And it must have been with a shudder that Coston realized that the barn was just one of the outbuildings on the property. In various sheds and trailers, the Farm Sanctuary discovered over 85 pigs in distress. Many of them were so emaciated that they weighed half of what a healthy example of the species would be expected to weigh. Moreover, those suffering from injured hooves and deformed limbs were in even more pitiful states.
Most of the latter were piglets that had been crushed or trampled on by other pigs in the dark. But some of the other babies had no shelter and were showing signs of serious frostbite. Heartbreakingly, too, one litter was just a day old. And due to the animals’ dire living conditions, rescuers were too late to save eight of the 17 new babies.
Coston and her rescue team’s next move was to carry out some emergency triage work. They were able to take away 24 of the sickest pigs and piglets right there and then. They lifted most of these animals off to the nearby Watkins Glen shelter where they could be ministered to by expert hands. However, three of the pigs required intensive care courtesy of Cornell University’s animal hospital in Ithaca.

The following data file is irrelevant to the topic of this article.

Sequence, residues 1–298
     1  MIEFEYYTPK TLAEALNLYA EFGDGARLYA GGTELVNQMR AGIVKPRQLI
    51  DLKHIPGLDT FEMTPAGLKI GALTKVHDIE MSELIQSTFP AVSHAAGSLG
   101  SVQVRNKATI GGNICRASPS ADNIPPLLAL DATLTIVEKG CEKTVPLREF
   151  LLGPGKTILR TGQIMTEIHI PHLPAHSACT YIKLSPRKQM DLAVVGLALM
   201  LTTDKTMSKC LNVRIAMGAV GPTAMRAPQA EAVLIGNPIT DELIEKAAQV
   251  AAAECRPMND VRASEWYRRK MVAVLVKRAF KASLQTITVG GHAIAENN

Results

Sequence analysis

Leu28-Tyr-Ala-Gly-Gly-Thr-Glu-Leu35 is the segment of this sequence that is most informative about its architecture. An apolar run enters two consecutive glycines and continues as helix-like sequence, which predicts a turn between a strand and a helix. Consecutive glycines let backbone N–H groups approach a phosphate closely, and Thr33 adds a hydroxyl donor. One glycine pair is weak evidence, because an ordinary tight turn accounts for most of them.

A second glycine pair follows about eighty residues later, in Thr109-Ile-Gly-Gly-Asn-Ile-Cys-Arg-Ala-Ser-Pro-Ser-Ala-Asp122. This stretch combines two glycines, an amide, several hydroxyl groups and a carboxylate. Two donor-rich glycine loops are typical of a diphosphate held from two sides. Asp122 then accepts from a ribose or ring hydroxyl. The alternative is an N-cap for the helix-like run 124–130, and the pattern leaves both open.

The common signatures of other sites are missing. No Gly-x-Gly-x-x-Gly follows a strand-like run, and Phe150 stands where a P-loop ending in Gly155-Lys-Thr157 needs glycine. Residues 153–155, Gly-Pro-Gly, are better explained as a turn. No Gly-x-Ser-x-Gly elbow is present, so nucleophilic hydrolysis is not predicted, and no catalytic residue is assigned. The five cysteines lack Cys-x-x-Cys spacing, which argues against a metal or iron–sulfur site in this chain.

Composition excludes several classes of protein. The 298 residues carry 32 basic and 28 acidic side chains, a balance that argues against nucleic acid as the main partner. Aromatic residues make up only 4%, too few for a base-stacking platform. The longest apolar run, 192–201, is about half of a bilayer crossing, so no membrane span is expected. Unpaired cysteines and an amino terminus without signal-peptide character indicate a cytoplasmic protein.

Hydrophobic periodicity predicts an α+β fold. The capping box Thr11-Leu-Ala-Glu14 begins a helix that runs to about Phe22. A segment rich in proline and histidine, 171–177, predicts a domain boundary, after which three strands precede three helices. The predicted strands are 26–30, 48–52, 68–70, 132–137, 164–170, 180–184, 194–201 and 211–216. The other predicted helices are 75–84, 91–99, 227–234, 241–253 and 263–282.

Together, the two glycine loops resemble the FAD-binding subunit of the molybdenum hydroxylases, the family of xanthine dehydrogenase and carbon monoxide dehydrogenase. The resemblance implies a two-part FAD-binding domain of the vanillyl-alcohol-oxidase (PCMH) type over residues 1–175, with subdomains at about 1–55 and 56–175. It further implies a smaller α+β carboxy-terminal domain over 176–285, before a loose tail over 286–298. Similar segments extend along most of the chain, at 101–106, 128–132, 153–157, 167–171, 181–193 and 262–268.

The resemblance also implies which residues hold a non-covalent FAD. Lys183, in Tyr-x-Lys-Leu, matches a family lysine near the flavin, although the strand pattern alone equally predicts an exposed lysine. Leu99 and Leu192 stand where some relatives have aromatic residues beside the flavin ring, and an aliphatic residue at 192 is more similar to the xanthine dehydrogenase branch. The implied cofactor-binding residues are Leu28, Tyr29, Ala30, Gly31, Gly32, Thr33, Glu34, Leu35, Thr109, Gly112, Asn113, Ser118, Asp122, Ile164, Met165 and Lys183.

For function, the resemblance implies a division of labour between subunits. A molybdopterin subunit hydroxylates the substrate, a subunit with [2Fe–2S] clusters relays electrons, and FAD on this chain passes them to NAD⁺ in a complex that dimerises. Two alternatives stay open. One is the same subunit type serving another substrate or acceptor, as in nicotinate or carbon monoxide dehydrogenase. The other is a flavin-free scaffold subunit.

It turned out that all of the rescued pigs had contracted pneumonia in the severe winter weather. Some had the most severe skin infections that the experienced Coston had ever seen. “The mange on a large number of the pigs is so bad that the tissue in the ears is dead, smells rotten and is very painful and itchy,” she told The Dodo.
In addition to their physical impairments, many of the previously imprisoned animals were having problems adjusting to the normal world. “All are terrified,” Coston said of the starving, sick and dehydrated swine. “I have never seen pigs drink the way these did when we got them to safety. It was like they had never had any real access to water.”
Following Farm Sanctuary’s rescue mission, the Society for the Prevention of Cruelty to Animals stepped in to seize the remainder of the pigs on the property. Meanwhile, authorities arrested the land owner, Jerry Nason. This was the same individual who was involved the last time Coston had been forced to visit. In fact, the Farm Sanctuary investigation of 2003 led to Nason being placed under probation and banned from owning animals for three years.
But it obviously had not been long enough for Nason to learn his lesson. Nevertheless, Coston’s priority was now the sick pigs in her charge. Although some of the critters were among the sickest she says she has ever seen, Coston was hopeful for their future. “Our goal right now is to get these pigs healthy,” she told The Dodo. The long-term plan was guided by one of Farm Sanctuary’s core policies – saving agricultural animal suffering by simply not eating them. Coston said, “[The pigs] will be able to be adopted into vegan or vegetarian homes as companions.”